Four wheel drives are part of the rural and regional Australian way. Many people who work on the land can’t imagine life without one. Of course, people in the suburbs who love off-roading get stuck into 4WDs as well. But to get the most out of your 4WD, we want to save money from the get-go. Thanks to Bill Tsouvalas, an expert on 4WD finance at Savvy, we can get the inside track on 4WD finance, budgeting and everything else to save a few pennies at the end of the day.

Ask yourself – what is my 4WD for?
This is the first bit of information you need to figure out. What are you intending to do with your 4WD? Is it for the bush, or just for around town? Do you want a manual or auto transmission? Will you use it to haul heavy loads? Do you want petrol or diesel for extra low-rev torque? Will you use your 4WD to tow a boat or caravan? If so, you’ll need to be sure you search for a 4WD that can handle pulling that much weight. “Once you have a target, you can aim for it,” Bill says. “It seems obvious, but this makes hunting around for your 4WD so much easier. The shortlist becomes quite easy to whittle down after that!”

Looking online
It’s easier than ever to look for new and used 4WDs online. Carsales and Gumtree are all excellent resources for finding and comparing 4x4s of all stripes, including SUVs and “mini” SUVs. In some cases, you can make lists you can refer back on.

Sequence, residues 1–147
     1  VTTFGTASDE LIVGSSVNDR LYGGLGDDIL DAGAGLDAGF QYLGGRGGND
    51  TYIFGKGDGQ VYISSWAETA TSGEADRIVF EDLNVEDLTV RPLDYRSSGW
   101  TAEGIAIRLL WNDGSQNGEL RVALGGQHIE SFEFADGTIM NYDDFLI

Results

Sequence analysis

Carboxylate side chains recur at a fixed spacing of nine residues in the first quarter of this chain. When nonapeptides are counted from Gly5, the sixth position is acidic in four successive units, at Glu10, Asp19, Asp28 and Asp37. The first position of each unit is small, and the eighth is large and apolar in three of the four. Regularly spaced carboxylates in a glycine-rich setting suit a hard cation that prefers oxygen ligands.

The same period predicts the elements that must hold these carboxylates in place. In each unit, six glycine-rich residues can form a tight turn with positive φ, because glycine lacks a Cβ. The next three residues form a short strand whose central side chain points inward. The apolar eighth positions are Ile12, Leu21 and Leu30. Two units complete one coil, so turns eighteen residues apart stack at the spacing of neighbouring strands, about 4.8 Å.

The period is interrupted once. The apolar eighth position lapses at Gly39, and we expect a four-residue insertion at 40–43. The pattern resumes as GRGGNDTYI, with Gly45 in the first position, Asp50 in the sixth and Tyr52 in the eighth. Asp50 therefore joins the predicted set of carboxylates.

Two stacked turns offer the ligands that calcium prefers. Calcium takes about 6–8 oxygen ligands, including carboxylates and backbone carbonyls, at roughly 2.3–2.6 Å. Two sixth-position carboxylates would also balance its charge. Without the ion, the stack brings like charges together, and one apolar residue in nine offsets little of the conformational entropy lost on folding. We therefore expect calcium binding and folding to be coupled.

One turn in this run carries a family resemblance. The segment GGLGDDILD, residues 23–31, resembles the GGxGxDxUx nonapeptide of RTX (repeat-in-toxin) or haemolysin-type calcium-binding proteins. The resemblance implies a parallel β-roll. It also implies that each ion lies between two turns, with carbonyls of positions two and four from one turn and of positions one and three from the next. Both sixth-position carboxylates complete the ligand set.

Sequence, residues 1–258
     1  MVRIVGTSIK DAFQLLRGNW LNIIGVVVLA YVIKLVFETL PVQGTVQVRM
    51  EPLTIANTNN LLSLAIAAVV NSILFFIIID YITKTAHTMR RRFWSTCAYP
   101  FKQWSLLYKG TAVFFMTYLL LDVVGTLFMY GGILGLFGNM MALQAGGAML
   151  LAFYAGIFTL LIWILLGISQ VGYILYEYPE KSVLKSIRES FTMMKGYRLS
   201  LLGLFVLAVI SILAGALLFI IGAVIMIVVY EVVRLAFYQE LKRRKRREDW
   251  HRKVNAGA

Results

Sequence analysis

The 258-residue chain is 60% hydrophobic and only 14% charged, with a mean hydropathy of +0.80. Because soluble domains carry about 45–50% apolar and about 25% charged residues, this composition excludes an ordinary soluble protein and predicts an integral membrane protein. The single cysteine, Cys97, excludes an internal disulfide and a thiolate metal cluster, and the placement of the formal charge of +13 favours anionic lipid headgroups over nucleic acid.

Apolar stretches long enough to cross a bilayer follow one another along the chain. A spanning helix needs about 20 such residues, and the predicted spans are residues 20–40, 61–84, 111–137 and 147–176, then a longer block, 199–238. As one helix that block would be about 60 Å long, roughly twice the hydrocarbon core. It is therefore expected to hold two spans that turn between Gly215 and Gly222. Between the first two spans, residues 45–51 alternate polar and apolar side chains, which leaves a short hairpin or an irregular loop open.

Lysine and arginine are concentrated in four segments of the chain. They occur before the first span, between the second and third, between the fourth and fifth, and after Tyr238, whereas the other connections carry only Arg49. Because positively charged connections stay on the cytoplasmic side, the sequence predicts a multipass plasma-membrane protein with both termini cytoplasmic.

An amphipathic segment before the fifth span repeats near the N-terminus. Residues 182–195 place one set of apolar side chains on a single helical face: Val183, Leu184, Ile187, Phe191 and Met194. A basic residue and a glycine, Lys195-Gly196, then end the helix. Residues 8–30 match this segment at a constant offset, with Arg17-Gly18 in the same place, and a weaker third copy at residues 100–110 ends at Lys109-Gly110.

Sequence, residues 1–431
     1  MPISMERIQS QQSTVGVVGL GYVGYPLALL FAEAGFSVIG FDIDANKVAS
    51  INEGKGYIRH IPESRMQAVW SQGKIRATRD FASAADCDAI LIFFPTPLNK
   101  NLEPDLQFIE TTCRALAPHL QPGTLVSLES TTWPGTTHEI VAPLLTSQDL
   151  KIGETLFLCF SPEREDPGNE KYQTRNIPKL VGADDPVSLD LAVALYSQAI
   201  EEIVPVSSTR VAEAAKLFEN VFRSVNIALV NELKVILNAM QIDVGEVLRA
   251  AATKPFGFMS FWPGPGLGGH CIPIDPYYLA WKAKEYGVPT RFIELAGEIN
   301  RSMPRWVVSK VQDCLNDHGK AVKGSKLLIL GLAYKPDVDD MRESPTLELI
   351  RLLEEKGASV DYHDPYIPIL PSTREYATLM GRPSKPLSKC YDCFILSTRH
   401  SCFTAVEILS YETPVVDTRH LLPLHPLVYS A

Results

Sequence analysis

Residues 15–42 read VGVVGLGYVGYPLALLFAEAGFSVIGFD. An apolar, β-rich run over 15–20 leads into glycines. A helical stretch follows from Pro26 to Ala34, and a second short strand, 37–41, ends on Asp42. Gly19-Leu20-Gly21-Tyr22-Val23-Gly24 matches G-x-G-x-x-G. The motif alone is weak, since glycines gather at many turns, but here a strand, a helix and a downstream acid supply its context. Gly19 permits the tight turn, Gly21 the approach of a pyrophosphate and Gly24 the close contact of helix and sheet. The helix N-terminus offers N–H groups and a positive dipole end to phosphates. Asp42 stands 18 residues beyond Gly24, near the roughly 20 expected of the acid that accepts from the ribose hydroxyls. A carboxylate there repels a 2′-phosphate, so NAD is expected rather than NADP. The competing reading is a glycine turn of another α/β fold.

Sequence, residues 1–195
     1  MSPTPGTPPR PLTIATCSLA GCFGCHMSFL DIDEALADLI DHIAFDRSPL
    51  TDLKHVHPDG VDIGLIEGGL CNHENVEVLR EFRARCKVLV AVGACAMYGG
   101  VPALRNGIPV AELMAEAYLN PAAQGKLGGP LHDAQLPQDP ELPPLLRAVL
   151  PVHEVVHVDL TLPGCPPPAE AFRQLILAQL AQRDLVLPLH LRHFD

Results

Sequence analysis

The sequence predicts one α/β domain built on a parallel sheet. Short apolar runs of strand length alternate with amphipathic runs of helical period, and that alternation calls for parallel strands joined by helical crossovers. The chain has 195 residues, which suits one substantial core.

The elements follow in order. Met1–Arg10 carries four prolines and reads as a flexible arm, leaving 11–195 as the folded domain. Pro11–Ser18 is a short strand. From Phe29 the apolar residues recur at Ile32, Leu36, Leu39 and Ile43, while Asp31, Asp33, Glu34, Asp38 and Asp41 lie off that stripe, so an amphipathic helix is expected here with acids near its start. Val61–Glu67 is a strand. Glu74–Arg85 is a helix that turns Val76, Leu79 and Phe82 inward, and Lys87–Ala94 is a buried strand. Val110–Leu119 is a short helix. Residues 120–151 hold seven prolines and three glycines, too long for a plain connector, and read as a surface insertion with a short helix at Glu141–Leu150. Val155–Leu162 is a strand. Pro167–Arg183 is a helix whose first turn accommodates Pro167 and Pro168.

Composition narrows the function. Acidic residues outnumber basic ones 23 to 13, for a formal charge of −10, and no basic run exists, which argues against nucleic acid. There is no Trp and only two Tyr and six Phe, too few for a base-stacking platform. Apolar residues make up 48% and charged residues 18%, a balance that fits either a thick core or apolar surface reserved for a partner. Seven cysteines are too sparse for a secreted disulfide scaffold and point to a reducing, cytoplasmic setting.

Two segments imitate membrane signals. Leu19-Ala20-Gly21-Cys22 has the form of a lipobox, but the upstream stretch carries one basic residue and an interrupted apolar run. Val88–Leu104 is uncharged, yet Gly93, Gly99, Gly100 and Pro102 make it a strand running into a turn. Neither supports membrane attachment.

Setting your budget
Setting your budget should be a representation of how much you can afford each month in loan repayments. This should take fuel, insurance, registration and other associated costs into account.
“To take the pain out of this process, you should use a 4WD loan calculator,” Bill Tsouvalas says. “That way you can plug in your desired numbers and know – at a reasonable estimate – how much you’ll have to set aside each month to pay for the 4WD.”

Using a 4WD loan calculator
Using a car loan calculator makes figuring out how you can make a certain 4WD will fit your budget. Even though a calculator is an excellent tool, you should keep in mind that interest rates don’t include how much you could be paying in fees and charges. To get a clearer idea of how much you might be paying, you should look for comparison rates. Comparison rates include most fees and charges associated with a 4WD loan. Though fees will vary from lender to lender, some charges and fees are part and parcel of finance. Other lenders may charge early payment fees and account keeping fees.

TIP: Find a 4WD specialist broker to help you find loans designed for the 4WD lifestyle.

Applying for finance
Knowing your price ceiling goes a long way when applying for finance. A specialist 4WD broker can sift through several – sometimes dozens! – of loans to get you the best deal on your finance. When you’re applying for finance, you should have all the numbers in front of you so your lender can pass on better rates due to your diligence. You should also check your credit history before applying, to make sure there aren’t any hidden nasties ready to pop out. This can help you save even more in the long-term – money better spent on exploring the open road!

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